There are two ways to shift, either manually using the elegant forged-magnesium paddle shifters mounted on the steering wheel, or by letting the car do all the shifting, in so-called "auto shift."
It was in this mode that Falcon did most of the driving. And he mastered the technique of keeping his foot on the pedal as the car went up and down the gears.
At first a little disconcerting, the effect of the clutch automatically engaging and adding a gear as you keep your foot firmly on the pedal is not unlike playing a high-end video racing game. In other words, it's a blast.
And Falcon was clearly having a blast as we drove around much of the patchwork highway quilt that is being expanded, upgraded and sewn together by his ministry.
In this area south of the Fraser River alone, $210 million is being invested in Highway 10 and Highway 15 improvements. Like a proud father, Falcon points out the new concrete infrastructure as we zip along Highway 10.
"Number 10 Highway is a major truck route and when the improvements are done we'll have four lanes all the way to Langley," he says as the Aston picks up speed and the exhaust note rumbles the cockpit-like cabin.
"And 176th Street, a two-lane road that goes to the fourth busiest border crossing in the country, is going to become a four lane and hook right into the TransCanada [highway]."
Falcon is the highest profile and most active minister of transportation the province has had in the driver's seat since the legendary Phil Gaglardi paved his way into drivers' hearts during his near two-decade run back in the '50s and '60s.
Longtime premier W.A.C Bennett said of his high-flying cabinet minister: "Next to him, the Roman roadbuilders were pikers," and he declared Flyin' Phil "the world's greatest highway builder."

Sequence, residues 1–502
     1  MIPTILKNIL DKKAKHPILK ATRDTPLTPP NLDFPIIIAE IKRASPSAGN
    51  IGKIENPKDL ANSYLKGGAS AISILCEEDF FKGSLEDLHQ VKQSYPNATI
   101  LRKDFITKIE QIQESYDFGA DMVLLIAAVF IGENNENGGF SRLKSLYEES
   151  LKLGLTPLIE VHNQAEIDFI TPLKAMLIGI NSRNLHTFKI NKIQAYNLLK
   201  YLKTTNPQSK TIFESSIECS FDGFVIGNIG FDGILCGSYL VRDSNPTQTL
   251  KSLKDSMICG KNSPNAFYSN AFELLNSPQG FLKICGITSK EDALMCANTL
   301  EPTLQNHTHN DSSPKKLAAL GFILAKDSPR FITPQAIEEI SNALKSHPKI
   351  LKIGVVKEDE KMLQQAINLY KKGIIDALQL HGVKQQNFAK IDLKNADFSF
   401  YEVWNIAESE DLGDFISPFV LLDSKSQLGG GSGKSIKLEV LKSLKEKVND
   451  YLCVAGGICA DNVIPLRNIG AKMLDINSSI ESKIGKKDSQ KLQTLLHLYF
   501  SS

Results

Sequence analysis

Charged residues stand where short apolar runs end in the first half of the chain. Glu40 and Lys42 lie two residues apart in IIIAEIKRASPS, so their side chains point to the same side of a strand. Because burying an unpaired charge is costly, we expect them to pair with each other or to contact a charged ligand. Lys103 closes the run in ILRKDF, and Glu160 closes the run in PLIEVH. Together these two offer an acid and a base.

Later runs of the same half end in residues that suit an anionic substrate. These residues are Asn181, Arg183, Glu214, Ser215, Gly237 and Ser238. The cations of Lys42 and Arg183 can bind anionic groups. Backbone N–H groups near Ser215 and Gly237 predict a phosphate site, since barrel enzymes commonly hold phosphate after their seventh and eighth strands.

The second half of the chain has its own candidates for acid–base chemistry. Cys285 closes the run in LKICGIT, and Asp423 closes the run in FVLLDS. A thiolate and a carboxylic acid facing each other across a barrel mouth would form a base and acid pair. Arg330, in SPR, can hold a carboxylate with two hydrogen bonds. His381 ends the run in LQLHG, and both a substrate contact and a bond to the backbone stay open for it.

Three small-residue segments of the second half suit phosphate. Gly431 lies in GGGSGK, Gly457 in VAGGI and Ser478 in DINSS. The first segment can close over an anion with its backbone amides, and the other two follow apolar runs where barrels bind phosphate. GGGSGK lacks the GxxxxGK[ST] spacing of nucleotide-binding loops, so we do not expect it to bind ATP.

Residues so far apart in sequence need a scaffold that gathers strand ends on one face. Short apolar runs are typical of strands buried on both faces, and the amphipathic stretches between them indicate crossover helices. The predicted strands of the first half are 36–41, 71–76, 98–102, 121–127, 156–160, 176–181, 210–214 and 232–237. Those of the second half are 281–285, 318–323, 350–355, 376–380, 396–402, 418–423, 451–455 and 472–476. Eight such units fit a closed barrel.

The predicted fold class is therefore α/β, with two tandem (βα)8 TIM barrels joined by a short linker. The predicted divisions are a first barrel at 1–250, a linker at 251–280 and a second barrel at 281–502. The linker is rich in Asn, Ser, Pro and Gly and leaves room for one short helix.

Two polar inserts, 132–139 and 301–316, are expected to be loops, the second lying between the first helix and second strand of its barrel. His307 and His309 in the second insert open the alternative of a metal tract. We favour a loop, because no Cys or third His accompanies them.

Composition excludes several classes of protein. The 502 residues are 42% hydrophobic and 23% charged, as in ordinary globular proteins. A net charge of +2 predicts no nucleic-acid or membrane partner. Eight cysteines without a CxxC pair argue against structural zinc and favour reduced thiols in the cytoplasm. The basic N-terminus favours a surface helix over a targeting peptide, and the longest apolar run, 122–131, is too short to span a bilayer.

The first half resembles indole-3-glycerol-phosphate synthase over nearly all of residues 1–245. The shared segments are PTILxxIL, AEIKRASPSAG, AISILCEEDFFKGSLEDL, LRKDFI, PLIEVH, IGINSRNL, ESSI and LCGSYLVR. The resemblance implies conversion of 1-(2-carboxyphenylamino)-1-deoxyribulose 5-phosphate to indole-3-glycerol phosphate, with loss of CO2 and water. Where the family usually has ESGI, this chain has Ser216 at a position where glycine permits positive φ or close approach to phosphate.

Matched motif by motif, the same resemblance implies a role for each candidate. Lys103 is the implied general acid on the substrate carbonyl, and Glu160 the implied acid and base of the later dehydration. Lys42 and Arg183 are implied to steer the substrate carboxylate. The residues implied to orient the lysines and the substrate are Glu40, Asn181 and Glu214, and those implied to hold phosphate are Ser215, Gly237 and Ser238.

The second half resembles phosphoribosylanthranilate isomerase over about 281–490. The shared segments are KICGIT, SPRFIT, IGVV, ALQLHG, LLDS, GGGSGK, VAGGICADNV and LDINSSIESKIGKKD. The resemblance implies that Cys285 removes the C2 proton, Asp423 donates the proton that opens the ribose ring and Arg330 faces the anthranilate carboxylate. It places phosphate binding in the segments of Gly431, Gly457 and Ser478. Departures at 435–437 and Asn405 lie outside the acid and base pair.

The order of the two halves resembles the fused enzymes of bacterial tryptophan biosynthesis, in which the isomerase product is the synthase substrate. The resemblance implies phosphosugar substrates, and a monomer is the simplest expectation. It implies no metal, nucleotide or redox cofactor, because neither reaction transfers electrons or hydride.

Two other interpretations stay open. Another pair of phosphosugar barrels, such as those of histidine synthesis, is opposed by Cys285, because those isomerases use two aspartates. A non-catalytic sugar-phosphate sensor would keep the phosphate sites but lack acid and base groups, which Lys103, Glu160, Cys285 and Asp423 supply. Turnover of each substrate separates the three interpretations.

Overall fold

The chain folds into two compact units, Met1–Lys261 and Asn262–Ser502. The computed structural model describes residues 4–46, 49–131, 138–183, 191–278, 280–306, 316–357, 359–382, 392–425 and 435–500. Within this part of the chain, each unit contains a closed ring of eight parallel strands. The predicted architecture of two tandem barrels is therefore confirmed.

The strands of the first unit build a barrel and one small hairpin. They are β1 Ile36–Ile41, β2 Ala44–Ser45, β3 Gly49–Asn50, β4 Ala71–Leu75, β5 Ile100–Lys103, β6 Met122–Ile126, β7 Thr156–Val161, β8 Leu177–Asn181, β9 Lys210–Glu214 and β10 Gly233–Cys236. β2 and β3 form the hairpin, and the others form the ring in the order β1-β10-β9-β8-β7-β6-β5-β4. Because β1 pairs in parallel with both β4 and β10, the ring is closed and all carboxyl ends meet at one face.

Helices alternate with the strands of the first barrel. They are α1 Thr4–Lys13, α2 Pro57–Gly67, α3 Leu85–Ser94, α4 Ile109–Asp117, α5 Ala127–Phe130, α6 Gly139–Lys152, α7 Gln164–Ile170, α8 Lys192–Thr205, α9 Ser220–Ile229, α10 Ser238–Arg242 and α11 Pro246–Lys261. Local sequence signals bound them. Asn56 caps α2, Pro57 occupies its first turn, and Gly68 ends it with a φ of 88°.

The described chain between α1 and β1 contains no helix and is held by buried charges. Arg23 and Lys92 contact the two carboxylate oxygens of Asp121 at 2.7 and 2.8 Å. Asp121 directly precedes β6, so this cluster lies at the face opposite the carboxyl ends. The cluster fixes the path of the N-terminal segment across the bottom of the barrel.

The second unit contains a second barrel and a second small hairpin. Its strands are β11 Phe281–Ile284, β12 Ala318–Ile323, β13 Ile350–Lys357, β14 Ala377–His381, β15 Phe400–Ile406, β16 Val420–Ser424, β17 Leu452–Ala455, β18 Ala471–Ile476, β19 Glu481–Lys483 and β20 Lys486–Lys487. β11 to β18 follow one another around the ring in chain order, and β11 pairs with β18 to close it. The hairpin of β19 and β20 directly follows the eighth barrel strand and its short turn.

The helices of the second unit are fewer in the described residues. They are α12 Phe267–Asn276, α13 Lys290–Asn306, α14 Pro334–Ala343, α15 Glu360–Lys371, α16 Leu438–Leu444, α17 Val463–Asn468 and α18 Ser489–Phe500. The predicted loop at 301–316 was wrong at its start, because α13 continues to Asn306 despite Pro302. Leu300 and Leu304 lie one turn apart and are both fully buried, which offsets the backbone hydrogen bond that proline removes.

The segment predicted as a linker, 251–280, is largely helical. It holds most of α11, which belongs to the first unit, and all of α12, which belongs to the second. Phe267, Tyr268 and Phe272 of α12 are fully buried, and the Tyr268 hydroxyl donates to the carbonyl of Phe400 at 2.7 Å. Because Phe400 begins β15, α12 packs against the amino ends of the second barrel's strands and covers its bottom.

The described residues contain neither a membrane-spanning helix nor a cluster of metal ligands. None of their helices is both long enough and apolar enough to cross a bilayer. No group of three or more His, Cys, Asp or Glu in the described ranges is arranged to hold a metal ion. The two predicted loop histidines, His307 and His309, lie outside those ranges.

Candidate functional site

That title, however, is in jeopardy as Falcon, not even three years into the job (Gaglardi served as highways minister for 16 years) is flying higher than even Flyin' Phil when it comes to billion-dollar road building.
Just as Gaglardi had his critics, there are outspoken critics of Falcon's plans. Protesters of some projects portray him as a dogmatic autocrat, hell bent on paving paradise.
Falcon shrugs it off, noting he never listens to talk radio and rarely watches TV. Instead, when he's driving it's all music, all the time. "From classical to the Sex Pistols," he says.
If Falcon doesn't shy away from the at-times rough and tumble of B.C. politics, he's probably got his brothers to thank -- all five of them. The second youngest, Falcon says his siblings are also the source of his passion for cars.
"We had every kind of car when I was growing up," he says, noting his mother wasn't always pleased with a driveway that resembled a car lot most of the time. "My older brothers went through the whole seventies customized van thing, another brother had a white Trans-Am with the eagle on the front."
Hot rod magazines were tucked into his math textbooks during high school at Vancouver College.
"I was just counting down the days until I could get my licence, then when I got it I bought my first car almost immediately," he says over the purr of the Vantage's stainless-steel exhaust.
"I'd saved up money over the years from paper routes and when I was 14 I got a job at The Big Scoop."
His first car was a high-performance Ford Fairlane, and since the age of 16, the now 40-something Falcon has owned a number of similar sporty cars, from a Corvette to a VW Cabriolet to a Beemer.
"My friend Bob Vickerstaff was really good with the mechanical stuff, so we'd always be in his garage doing stuff to my cars, like boring out the engine and putting in special pistons and cams," he says.